What I certainly was not expecting from my visit to the hospital was how oddly civilised the entire experience can be. On the morning after my operation the man in the bed next to me in the ground floor John Cheyne ward introduced himself as Austin. He and I became great friends, and I made a point of dropping in on him when we were eventually split up. I think we had been making too much of a raucous at night. He told me all about his life, and was keen to be sure that I would be getting better. Himself, Vinny, Paddy, John, Ed and myself made up the new flu refugee ward we were sent to in Victor Synge, and under the extraordinary circumstances we got to know one another quite well indeed. Poor Vinny was having his own private struggle and preferred to keep himself to himself, but each morning the rest of us pulled our tables together for our little breakfast briefing. The nurses were having theirs at the nurses’ station – why shouldn’t we have our own? This was the escape committee. We’d talk about everything – and everyone. The whole business of the shire was our business. It kept us busy, and in a ward staying occupied is nine-tenths of the battle.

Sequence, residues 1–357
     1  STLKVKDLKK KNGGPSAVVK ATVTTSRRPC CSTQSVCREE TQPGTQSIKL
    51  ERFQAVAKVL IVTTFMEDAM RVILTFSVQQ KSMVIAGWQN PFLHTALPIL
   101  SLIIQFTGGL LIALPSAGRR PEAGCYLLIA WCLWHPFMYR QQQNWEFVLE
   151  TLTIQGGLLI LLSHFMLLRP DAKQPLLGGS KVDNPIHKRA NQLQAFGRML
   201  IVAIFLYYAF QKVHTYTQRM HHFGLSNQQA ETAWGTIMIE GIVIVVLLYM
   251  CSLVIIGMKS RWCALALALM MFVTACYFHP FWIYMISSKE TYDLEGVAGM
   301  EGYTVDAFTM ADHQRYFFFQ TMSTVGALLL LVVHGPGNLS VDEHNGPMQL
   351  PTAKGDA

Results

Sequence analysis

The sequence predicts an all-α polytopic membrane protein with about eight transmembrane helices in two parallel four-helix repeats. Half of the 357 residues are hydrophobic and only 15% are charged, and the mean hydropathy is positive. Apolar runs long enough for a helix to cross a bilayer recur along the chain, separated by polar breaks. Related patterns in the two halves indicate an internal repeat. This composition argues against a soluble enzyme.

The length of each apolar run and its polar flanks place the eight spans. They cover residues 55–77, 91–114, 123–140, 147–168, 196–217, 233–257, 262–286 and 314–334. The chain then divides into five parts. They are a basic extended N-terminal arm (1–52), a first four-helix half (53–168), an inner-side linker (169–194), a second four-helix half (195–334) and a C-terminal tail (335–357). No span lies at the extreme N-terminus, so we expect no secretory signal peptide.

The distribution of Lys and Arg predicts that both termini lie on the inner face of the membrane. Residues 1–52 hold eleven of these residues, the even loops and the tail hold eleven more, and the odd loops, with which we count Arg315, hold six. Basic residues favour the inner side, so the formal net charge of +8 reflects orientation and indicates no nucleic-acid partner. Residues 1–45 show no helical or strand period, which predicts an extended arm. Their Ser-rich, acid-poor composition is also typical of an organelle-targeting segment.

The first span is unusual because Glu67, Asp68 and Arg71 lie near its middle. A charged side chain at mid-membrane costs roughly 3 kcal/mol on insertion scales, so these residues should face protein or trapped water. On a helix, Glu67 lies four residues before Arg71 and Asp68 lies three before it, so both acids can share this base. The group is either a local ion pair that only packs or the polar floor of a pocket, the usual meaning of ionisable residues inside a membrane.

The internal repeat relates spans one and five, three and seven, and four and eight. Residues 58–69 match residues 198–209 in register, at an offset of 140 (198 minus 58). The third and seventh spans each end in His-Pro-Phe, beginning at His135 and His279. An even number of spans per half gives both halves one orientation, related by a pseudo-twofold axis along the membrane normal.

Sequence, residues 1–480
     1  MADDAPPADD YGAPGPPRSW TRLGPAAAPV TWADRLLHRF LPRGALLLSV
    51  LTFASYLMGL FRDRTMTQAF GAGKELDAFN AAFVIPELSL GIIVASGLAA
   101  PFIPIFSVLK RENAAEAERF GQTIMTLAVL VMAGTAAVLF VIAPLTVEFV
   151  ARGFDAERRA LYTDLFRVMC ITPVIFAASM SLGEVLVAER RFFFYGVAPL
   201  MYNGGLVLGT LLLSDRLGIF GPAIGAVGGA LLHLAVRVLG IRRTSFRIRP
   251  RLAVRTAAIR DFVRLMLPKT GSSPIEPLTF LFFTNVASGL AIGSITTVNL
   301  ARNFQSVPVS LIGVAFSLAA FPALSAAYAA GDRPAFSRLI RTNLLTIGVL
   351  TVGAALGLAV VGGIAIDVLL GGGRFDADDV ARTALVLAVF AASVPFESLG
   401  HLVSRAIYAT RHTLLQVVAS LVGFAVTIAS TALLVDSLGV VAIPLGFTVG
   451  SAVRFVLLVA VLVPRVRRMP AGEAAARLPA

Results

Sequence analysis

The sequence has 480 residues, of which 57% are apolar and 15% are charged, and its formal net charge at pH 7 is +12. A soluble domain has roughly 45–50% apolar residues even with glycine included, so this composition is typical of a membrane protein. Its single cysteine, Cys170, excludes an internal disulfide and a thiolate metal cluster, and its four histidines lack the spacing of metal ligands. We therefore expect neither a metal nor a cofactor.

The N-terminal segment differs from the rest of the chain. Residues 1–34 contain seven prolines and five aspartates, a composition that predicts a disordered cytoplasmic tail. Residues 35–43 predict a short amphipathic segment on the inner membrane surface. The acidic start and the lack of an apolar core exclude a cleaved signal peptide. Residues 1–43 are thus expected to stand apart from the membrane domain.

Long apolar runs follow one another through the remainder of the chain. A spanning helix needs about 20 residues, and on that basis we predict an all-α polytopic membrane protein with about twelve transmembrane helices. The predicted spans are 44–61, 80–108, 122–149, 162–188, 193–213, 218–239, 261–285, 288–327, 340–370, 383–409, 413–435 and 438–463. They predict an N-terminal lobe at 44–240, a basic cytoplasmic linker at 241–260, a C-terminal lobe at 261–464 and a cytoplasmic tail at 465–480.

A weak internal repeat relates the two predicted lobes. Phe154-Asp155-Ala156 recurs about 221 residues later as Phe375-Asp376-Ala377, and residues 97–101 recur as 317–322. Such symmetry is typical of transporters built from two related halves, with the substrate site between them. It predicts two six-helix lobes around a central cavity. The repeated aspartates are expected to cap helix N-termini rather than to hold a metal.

Talking about business – general anaesthetic and doses of morphine put an end to business as far as your own business is concerned. I’m talking about constipation. I won’t go into too much detail on this one, save to say that nothing moved for three whole days. Stuff was getting in alright; mixed grill (a Dublin hospital special by all accounts) and as much porridge as you can eat, but nothing was getting out. Every morning the staff were giving me laxatives – enough, I was told, to down a horse. My complaint rose before heaven until the caterers suggested I try the prune juice. So I had the prune juice.

With the operation (also known as the ‘arse-ectomy’) out of the way, good company sorted, and the bowels up and in working order again life was sweet again, and the daily doses of wisdom, morphine and philosophy could continue. Other than the chronic boredom of having no visitors things were actually grand on the ward. If it weren’t for the pain and suffering St. James’s might even pass as an excellent little hostel. Perhaps the most expensive hostel in the country.

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